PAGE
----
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Nine Queens (2002)
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Review Date: October 05, 2002
Director: Fabián Bielinsky
Writer: Fabián Bielinsky
Producers: Cecilia Bossi, Pablo Bossi
Actors:
Gastón Pauls as Juan
Ricardo Darín as Marcos
Leticia Brédice as Valeria
Plot:
A couple of street cons attempt to pull the wool over a rich stamp collector's eyes with their "rare" counterfeit sheet of "Nine Queens" stamps. Who's cheating who? Nobody knows. High-stakes Argentinean scamming ensues.
Critique:
If screenwriter/director/con man expert David Mamet were of Argentinean descent, this is the movie that would likely have spawned from his South American noggin. But since he is American, one who has twisted many a deceptive game in films like HOUSE OF GAMES, HEIST and THE SPANISH PRISONER, it seems as though one Fabián Bielinsky has decided to give the con men routine a shot, and succeeded almost as well as the master himself. With a couple of credible "grifters" leading the con game in Gastón Pauls and Ricardo Darín (the latter of which even resembles one of Mamet's own favorite thesps Joe Mantegna), a non-stop pace which grabbed me from the get-go all the way through its two-hour trip, plenty of twists, turns and surprises, and as per most Mamet thrillers, a twist-your-head-off-and-rewind ending...this was an all-around solid flick. It's not an action movie, it's not a "thriller" in the standard sense of the word, it's basically a game of cat-and-mouse in which two very different con men (one with no conscience and plenty of balls, the other with too much conscience and mystery) take advantage of every scam in the world on any unsuspecting person who happens to fall onto their path. The story is well developed, with a cool intro to the characters under strange circumstances, followed by plenty of credible ups and downs as we pursue the devious duo along their long day of deception.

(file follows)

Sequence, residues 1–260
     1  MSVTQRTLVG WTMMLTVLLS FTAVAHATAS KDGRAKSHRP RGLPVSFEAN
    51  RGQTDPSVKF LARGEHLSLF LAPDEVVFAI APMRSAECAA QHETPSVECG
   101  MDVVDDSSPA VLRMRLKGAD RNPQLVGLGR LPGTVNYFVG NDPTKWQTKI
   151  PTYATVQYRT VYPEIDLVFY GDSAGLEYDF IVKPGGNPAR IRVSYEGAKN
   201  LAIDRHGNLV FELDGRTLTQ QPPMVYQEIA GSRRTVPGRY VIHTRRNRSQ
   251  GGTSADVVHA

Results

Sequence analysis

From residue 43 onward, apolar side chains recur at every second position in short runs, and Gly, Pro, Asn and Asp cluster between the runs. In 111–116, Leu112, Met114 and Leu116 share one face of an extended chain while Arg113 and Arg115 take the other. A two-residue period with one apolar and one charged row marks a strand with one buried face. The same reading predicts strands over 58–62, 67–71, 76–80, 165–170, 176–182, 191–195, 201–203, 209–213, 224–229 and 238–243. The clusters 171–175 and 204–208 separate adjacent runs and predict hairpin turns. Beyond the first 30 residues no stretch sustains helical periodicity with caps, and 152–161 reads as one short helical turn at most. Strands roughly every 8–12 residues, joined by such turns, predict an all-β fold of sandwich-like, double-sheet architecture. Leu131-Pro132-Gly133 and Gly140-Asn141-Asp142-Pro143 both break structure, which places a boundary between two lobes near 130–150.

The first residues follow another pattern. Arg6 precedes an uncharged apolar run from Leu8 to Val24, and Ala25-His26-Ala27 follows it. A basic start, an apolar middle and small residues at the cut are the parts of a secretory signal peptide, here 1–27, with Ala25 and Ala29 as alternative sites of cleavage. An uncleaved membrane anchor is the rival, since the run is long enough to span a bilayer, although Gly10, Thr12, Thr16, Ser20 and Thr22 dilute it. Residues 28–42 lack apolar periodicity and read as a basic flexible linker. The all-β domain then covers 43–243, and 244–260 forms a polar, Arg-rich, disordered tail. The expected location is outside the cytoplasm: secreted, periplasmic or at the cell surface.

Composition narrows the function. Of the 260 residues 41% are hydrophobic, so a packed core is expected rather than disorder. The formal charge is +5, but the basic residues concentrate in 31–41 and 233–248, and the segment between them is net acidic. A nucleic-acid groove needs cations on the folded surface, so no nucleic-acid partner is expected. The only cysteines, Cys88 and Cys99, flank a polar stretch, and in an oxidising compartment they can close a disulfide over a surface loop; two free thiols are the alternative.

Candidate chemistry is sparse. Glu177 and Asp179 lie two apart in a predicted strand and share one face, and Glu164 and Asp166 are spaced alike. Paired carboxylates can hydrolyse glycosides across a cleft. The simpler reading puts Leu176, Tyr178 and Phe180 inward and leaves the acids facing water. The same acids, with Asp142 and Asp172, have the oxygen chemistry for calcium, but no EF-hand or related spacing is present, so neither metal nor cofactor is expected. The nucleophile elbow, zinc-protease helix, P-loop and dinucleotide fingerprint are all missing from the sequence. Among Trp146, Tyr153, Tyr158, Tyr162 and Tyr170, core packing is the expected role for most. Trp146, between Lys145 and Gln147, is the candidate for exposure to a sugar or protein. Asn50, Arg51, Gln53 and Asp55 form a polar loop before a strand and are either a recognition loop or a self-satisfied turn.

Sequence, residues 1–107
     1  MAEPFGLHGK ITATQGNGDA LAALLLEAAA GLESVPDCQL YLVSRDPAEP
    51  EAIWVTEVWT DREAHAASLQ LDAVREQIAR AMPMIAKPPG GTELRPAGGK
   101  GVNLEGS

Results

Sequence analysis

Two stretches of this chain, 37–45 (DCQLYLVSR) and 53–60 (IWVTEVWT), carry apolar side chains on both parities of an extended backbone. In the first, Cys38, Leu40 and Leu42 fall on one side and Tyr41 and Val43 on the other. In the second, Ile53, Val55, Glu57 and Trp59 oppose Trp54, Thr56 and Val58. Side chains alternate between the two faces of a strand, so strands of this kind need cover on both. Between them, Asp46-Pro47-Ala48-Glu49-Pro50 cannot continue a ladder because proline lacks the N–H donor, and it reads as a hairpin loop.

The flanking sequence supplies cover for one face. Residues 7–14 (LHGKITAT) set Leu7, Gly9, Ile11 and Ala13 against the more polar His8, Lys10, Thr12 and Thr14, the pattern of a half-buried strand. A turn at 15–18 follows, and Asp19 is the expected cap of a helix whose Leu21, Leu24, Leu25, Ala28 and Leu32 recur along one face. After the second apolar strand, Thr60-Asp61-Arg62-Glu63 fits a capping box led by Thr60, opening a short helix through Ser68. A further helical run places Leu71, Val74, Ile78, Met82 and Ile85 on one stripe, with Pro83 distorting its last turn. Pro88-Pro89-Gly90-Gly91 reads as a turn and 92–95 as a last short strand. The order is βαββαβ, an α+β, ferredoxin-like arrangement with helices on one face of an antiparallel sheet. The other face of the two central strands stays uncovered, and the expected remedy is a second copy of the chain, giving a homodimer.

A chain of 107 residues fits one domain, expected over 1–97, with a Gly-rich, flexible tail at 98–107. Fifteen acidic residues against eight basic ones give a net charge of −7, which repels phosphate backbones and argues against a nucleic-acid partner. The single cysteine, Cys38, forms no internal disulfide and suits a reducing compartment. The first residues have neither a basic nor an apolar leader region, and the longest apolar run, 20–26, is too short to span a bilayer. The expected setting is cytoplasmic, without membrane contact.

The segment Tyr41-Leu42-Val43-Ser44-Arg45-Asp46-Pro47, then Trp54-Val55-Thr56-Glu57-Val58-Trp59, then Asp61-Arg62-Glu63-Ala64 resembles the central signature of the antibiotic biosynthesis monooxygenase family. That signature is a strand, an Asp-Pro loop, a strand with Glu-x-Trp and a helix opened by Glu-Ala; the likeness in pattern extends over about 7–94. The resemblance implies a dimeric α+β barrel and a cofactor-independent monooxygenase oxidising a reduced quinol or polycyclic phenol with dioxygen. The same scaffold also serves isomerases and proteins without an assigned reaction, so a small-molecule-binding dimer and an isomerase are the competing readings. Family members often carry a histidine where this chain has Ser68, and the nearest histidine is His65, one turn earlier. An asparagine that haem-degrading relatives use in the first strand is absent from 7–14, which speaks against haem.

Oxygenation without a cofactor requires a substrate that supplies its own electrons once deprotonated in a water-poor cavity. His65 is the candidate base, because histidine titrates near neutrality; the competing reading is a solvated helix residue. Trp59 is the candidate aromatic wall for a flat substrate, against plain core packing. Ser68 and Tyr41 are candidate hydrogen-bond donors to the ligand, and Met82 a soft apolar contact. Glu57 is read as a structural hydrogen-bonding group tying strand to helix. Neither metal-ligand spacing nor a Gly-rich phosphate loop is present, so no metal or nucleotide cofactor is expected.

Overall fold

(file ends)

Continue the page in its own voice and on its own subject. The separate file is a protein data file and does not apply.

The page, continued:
Things get even juicier with the addition of one hot tamale by the name of Leticia Brédice, whose kick ass glass hour figure is topped only by her fiery temper. Needless to say, my next vacation will be in Argentina. Of course, what makes a film like this that much cooler is that you never really never know who is fooling who, or if anyone is really fooling anyone. Is the guy on the street "in" on it? Is the old dude "in" on it? Is the little brother "in" on it? One thing that is for sure is that the two guys are definitely not very trusting of one another, which ultimately leads us to mistrust them, which ultimately leads to...well, fun times. The director also manages to jazz up the tension by providing a nice "fly on the wall" overview of all the events along with plenty of eye-catching settings (by the way, where the heck is that gorgeous hotel located...I gotta get me a room there!) It's also the kind of film that you could easily watch one time over immediately after your first go-around, especially once everything is laid out for you by the final scene. It's not necessarily a MEMENTO-esque type of twister, but it's definitely a mind-jarrer and one that consistently kept me on the edge of my toes and ass. Seeing as many people haven't really heard of this movie (including yours truly), I would say that if you dig on David Mamet's mind tricks, if you enjoyed films like ROUNDERS and THE GRIFTERS and if you don't mind subtitles...rent this movie and enjoy!
(c) 2014 Berge Garabedian
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